SOFIA view Jupiter in Infrared

  • Released Thursday, October 17, 2013

Infrared image of Jupiter from SOFIA's First Light flight composed of individual images at wavelengths of 5.4 (blue), 24 (green) and 37 microns (red) made by Cornell University's FORCAST camera. Ground-based infrared observations are impossible at 5.4 and 37 microns and normally very difficult at 24 microns even from high mountaintop observatories such as Mauna Kea due to absorption by water and other molecules in Earth's atmosphere. The white stripe in the infrared image is a region of relatively transparent clouds through which the warm interior of Jupiter can be seen. A recent visual-wavelength picture of approximately the same side of Jupiter is shown for comparison. (Images are oriented with Jupiter's south pole at the top.)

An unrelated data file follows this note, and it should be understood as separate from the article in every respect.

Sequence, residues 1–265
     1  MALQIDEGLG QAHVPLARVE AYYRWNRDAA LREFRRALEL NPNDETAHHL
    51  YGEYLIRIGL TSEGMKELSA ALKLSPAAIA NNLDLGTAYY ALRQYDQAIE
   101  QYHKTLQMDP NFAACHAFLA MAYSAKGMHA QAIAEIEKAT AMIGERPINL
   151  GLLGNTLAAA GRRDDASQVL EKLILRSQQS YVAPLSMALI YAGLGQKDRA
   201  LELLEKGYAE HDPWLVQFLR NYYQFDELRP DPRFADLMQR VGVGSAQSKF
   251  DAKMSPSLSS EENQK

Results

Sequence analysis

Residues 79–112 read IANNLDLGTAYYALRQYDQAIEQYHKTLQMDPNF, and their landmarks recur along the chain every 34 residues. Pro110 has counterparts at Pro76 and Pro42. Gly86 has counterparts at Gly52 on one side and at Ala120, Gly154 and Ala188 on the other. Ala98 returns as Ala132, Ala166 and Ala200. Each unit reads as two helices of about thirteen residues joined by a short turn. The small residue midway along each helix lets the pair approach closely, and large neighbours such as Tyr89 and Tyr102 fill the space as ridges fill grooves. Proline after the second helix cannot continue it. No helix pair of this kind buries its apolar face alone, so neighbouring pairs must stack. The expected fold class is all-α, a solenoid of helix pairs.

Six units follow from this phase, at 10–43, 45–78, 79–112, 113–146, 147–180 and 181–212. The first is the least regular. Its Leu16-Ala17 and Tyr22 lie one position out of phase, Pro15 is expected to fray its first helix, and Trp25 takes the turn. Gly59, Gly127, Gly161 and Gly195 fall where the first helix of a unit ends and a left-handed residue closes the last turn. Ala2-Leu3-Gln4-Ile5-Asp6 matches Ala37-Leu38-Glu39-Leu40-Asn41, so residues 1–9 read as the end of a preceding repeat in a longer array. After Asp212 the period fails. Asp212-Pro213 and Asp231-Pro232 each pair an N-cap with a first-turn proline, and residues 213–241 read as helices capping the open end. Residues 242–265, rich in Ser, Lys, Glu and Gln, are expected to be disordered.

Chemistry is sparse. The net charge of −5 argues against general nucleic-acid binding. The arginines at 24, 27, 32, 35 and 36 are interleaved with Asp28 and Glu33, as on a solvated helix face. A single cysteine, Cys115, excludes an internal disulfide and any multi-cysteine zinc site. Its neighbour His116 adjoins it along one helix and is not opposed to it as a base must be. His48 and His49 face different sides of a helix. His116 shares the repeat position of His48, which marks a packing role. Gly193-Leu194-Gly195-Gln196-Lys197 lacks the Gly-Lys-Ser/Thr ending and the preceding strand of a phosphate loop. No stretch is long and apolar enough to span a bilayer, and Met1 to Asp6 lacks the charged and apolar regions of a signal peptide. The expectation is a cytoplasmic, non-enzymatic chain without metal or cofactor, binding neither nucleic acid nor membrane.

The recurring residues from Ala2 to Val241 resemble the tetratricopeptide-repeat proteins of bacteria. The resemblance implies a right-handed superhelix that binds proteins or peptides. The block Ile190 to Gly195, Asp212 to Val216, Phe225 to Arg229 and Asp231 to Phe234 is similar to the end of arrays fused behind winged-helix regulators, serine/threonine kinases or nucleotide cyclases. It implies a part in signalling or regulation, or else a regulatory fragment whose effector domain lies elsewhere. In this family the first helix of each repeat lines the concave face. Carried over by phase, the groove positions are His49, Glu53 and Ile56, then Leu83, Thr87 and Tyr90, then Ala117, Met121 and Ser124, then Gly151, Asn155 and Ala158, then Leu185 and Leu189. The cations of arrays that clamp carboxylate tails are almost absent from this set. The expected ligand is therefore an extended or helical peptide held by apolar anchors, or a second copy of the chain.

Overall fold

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Please give credit for this item to:
NASA/SOFIA/USRA/FORCAST Team/James De Buizer (infrared image), Anthony Wesley (visible light image)

Release date

This page was originally published on Thursday, October 17, 2013.
This page was last updated on Monday, July 15, 2024 at 12:14 AM EDT.


This visualization is related to the following missions: